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PBs Contract and Bid Negotiations

Posted by DocZ (My Page) on
Sun, Apr 24, 11 at 13:15

Hello! I just discovered this forum while in process of going through several PBs for a new pool build in the west Houston/Katy area. We have gone through design and pricing for about 10 PBs and have narrowed down to about 3.

My questions are for both the members and the PBs on the forum:

First: Most of the PB's contracts are obviously heavily shifted towards the PB. I will have some edits to the contract to include things like verbal commitments that are voided by the contracts (e.g. we will fix the sidewalk/curb if we break it). Do most PBs accept changes that are reasonable?

Second: How big of a difference do you think it makes using 1/2 inch rebar in the walls and floor (versus 3/8, spacing equal) considering two things: expansive soils in this area, and our house was built 4 months ago.

Thanks in advance for your feedback.

Z


Follow-Up Postings:

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RE: PBs Contract and Bid Negotiations

From a PB perspective:

I am always open to reasonable edits to the contract. Anything that doesnt divert ALL the risk my way, or turn me into a bank, (ie make me fund the job) is open to discussion.

The argument over steel always makes me laugh a little. Not that its not important, just that its made out to be a much bigger deal than it really is.

The strength of your gunite pool comes from the RATIO of steel to concrete. In other words, more steel is not always better, its how it relates to the ratio. So arguments between #3 or #4 bar or 6" vs 8" spacing always gives me a chuckle. Is your PB going to give you a lifetime warranty on the structural integrity of the shell or not? That should be your focus.

How fiscally sound is the PB? How long have they been in business? How fiscally sound and how long has the gunite company been in business? What are the terms and exclusions of the warranty? Focus your questions here and get it in writing.

I lost a ton of business in the late 90's to a certain Clear Lake area builder that had "lifetime" warranties on almost every item used to construct a pool. Though he had only been in business for a few years, clients flocked to that PB and let him build their pool. Well 2 or 3 years later, he went belly up and left a ton of folks hanging.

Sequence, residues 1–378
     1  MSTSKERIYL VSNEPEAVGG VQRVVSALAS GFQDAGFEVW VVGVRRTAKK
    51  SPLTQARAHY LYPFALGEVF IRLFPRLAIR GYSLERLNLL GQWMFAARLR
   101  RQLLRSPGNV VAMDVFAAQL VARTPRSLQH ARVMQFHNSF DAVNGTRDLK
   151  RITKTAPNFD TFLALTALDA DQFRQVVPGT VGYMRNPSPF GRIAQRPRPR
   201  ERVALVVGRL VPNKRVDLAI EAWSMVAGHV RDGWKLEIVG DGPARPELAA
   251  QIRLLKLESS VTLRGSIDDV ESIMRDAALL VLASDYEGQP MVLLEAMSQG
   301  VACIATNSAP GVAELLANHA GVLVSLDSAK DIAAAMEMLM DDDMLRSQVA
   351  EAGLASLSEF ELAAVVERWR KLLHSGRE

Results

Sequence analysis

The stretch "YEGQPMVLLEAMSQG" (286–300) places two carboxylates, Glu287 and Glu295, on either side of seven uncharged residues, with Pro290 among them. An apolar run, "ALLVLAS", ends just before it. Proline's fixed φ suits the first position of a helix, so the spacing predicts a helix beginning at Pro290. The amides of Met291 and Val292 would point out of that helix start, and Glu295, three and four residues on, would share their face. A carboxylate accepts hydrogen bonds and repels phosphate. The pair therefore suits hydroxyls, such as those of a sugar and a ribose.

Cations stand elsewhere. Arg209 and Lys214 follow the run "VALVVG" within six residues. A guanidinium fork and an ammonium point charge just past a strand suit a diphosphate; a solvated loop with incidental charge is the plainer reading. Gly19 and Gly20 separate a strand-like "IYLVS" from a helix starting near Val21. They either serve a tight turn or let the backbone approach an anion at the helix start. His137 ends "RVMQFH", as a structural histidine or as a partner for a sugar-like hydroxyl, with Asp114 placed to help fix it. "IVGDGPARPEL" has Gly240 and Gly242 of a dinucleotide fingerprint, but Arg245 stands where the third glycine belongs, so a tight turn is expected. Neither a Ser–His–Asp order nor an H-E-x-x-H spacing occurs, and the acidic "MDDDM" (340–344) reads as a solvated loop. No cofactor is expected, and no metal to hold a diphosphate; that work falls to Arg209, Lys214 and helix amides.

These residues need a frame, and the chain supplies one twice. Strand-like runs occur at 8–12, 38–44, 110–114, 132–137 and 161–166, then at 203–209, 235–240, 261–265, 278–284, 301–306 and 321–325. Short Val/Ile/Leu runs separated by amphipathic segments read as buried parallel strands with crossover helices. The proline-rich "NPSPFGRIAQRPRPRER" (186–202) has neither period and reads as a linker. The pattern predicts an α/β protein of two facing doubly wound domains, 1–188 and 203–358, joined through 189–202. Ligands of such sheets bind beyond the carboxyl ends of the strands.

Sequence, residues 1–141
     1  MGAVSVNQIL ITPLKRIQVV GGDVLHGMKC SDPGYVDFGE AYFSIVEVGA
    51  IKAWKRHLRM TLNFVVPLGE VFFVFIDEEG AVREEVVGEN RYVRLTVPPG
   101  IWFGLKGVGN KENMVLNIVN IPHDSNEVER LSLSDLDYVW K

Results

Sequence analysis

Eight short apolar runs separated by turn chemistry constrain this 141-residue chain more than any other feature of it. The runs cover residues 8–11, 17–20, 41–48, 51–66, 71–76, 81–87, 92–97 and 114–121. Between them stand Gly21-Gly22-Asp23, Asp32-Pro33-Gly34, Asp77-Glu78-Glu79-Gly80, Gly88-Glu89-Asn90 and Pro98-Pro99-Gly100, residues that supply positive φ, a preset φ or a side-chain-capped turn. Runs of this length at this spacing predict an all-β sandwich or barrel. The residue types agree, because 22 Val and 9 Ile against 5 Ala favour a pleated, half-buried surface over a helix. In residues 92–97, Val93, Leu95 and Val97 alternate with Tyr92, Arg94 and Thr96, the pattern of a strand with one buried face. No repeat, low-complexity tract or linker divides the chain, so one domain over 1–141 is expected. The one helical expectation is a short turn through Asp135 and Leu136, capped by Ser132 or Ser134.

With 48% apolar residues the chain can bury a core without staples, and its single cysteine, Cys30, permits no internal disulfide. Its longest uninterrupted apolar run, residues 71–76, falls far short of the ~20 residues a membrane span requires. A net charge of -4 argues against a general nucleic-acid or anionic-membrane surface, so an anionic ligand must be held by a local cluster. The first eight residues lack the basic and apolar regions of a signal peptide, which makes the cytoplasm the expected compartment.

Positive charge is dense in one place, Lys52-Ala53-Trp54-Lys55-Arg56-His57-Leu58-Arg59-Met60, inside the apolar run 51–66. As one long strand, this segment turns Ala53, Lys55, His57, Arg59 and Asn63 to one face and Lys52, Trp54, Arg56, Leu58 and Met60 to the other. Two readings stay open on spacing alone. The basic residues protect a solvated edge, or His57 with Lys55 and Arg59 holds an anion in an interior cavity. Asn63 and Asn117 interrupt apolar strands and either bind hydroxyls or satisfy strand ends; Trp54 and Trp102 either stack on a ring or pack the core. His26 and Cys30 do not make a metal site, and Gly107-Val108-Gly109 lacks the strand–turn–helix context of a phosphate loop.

So, how good was his "lifetime" warranty??

Longevity counts! Make sure your PB has a proven track record and can handle the economic highs and more importantly, the lows!


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RE: PBs Contract and Bid Negotiations

kspoolman,

Thanks for the info, especially the steel/gunite ratio. The final 3 PB's we are considering all have lifetime warranty language in the contract, but they all differ a little, especially when it comes to exclusions. One company clearly states they have no exculsions at all (of course, they would have to stay in business, but this is one of the bigger and longer tenured builders).

Thanks again for your perspective and advice.

Z


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RE: PBs Contract and Bid Negotiations

In the Houston area, using #3 is usually all that is needed except at certain stress points where #4 might be appropriate. The spacing of the rebar is very important to me when I build. I believe anything over 10" o.c. is not close enough. I have seen some PBs go to 18" o.c. and their pools don't disintegrate (but I wouldn't want one in my yard). When I build in Austin or San Antonio, the norm there is to use #4. It is mainly a matter of tradition for the area, because you are often building on rock there and the pool isn't going anywhere!


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Contract language and PB viability

As far as contract amendments are concerned, I don't have a problem adding items that are important to someone. As far as warranties are concerned, many of us PBs utilize what I call "pass-thru" warranties issued by the manufacturers or vendors. When you buy a home, for example, the refrigerator is not warranted by the homebuilder but rather the manufacturer...i.e., GE, Whirlpool. Unless all of the vendors and contractors are in-house for the PB (most don't do it that way), then the assurance of the warranty is based on the vendor who issued it. My Pentair equipment is warrantied for 3 yrs. When one of my customers has an equipment issue during that 3 yrs period, they contact me and I contact the manufacturer for service. The only real item that gets a lifetime warranty is the "foundation" or shell of the pool. That warranty is issued by the Gunite company. Make sure you know who that company is and check them out if that part of the warranty is particularly important to you. Foundation failures are rare, but I know people find comfort in having the "lifetime warranty."

Where I don't necessarily agree with the other poster is that years in the business are an indicator for a PB, but the financial stability and integrity of the PB is equally important. When I started in the business, I was much better prepared than others I knew who were not financially stable and lacked a level of integrity that would assure the pool owner that they would not be left in the dust. So, check out the references of the PBs...check this forum...for the viability of the PB


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RE: PBs Contract and Bid Negotiations

Be sure you personally talk to or even better, know someone who has had a pool finished by the builder you are looking at.


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